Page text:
Housing markets have been through slumps before, only to bounce back. But what has changed since the last cycle is the shift of home mortgage lending from banks and credit unions—regulated by the Federal Reserve Bank and other federal and state agencies—to the much more loosely regulated mortgage companies. During a hearing earlier this week at the Reggie Lewis Center in Roxbury, the chair of the US House Committee on Financial Services, US Rep. Barney Frank, noted the effect of the lending shift away from banks and credit unions.

“If they were the only originators of mortgages,” said Frank, “we would not have this crisis.”

That’s why Frank envisions a new law that, as he put it, “will cover all mortgage origination with the same set of rules.” That would even include the requirements that currently apply to banks under the Community Reinvestment Act. But, even at this week’s hearing, fellow Democrats on the Frank’s committee (US Rep. Stephen Lynch and US Rep. Michael Capuano) acknowledged there could be difficulty getting the regulatory upgrade approved by the Senate and President Bush.

Even if there were new laws to make home mortgage lending less predatory and less volatile, some things cannot by undone by the next upswing in the market. As one housing investor in Dorchester pointed out, conversions of three-deckers weaken the pervasive (if less than universal) element of owner-occupancy that provides stability in hard times. It also appears developers doing the conversions bought some of these buildings from populations that put down roots and added social capital to the community—whether Irish-American, African-American, Cape Verdean, Haitian-American, or Asian-American. It could turn out that unit buyers—if they’re real people to begin with—might engage with their community in comparable fashion. But, for now, there’s reason to wonder.

See also story in the Dorchester Reporter for October 18.

Monday, October 1, 2007

New Superintendent Confronts Old Problem

In her appearance Saturday at Freedom House, Boston School Superintendent Carol R. Johnson was expecting questions from the audience, but it was Ian Powell who made her stop and think.

“What motivates you in what you do?” asked the 21 year-old student of Boston Arts Academy from Dorchester.

“That’s a very good question,” said Johnson.

Powell explained his idea of motivation was “something that gets you started every day.”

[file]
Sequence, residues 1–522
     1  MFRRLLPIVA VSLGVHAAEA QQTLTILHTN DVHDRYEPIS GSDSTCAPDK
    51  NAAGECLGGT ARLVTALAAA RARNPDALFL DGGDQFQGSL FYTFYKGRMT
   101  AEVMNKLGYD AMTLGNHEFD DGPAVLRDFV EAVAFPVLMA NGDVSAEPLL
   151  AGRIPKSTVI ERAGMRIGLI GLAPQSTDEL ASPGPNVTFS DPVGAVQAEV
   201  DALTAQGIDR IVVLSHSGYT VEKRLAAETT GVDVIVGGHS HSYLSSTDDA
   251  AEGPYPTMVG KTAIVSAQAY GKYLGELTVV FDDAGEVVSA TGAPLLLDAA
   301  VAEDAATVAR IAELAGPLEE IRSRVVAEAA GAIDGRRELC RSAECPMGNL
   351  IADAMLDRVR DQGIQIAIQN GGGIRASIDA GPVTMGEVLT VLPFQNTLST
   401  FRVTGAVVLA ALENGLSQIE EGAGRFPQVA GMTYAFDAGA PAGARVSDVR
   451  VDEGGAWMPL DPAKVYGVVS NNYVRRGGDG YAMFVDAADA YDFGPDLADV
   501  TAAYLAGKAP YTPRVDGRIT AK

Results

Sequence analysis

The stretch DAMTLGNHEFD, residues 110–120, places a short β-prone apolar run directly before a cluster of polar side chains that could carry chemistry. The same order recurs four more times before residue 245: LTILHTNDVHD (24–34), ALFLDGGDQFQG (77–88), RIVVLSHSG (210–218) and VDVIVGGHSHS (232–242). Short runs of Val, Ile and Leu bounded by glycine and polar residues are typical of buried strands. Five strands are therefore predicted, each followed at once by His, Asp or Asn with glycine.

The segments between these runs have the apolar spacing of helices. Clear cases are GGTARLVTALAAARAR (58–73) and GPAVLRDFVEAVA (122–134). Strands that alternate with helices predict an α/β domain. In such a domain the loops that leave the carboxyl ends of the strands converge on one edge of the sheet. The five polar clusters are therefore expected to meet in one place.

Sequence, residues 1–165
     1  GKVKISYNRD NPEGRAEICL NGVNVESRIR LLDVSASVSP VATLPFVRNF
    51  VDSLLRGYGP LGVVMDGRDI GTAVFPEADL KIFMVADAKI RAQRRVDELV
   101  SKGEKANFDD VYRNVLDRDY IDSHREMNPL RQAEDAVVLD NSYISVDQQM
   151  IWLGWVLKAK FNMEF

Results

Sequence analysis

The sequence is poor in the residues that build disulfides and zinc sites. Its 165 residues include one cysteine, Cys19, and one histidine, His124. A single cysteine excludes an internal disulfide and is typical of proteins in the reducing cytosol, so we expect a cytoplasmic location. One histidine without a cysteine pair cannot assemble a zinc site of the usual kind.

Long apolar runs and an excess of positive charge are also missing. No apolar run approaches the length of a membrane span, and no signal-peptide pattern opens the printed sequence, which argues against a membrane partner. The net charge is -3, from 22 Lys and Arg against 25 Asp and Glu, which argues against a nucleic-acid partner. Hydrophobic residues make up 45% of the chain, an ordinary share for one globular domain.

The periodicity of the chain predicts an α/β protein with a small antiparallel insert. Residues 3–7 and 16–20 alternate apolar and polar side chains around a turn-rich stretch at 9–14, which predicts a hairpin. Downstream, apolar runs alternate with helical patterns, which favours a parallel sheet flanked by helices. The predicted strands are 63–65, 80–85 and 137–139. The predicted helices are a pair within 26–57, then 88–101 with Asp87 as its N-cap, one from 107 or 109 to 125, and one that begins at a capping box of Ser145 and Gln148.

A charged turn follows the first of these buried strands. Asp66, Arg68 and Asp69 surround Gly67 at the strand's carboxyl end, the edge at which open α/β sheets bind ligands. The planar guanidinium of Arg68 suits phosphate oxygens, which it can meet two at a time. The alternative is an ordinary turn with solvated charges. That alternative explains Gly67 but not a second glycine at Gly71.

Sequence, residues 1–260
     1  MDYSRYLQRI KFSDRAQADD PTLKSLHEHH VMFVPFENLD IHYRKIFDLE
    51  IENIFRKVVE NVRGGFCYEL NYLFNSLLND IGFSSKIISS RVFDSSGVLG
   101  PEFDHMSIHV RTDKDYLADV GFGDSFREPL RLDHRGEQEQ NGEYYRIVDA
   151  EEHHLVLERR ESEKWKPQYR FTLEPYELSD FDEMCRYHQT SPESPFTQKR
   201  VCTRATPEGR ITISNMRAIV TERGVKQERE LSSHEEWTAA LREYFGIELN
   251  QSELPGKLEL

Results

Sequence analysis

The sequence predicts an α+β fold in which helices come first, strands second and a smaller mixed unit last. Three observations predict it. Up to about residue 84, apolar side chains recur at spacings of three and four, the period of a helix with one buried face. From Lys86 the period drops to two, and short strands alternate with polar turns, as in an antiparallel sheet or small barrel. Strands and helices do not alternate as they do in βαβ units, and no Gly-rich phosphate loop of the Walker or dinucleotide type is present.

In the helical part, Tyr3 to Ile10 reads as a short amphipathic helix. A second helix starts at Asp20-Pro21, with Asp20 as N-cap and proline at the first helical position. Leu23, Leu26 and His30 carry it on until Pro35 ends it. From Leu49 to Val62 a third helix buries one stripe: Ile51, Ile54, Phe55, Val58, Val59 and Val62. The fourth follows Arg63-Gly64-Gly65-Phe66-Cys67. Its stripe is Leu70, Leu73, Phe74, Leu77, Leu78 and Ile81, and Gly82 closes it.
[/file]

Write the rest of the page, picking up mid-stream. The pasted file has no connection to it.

“For me,” he told the superintendent, “it’s like my music.”

After taking more time to think, the superintendent began by recalling her childhood in Tennessee, when her grandmother and other African-Americans were overcoming fear to exercise their right to vote.

“I was born at a time when everything was segregated. I actually remember the first time my grandmother voted. I always get emotional about that. She was 60 years old,” said Johnson.

“I think my passion about the work,” she said, “is to make sure the sacrifices they made were not in vain.”

What began with a prolonged silence ended with a prolonged applause. But, for much of the five hours at a conference on education, the talk was about other kinds of barriers that have recently kept 40% of Boston students from finishing high school in four years. The conference took place three days after release of a report on Boston’s persistent dropout problem, done for the School Dept. by the Parthenon Group.

The report linked the dropout problem to indicators going back at least as early as middle school. Among the students with a high dropout rate were 9th graders who failed at least one subject, and 8th graders who missed school one day a week. There were also high dropout rates for students—many of them immigrants—who enter the system after grade 8, and students with learning disabilities. And dropout figures were higher for black and Latino students than for white and Asian students.

“Kids have been dropping out for many years before they hit the streets,” said the executive director of the Boston Private Industry Council, Neil Sullivan.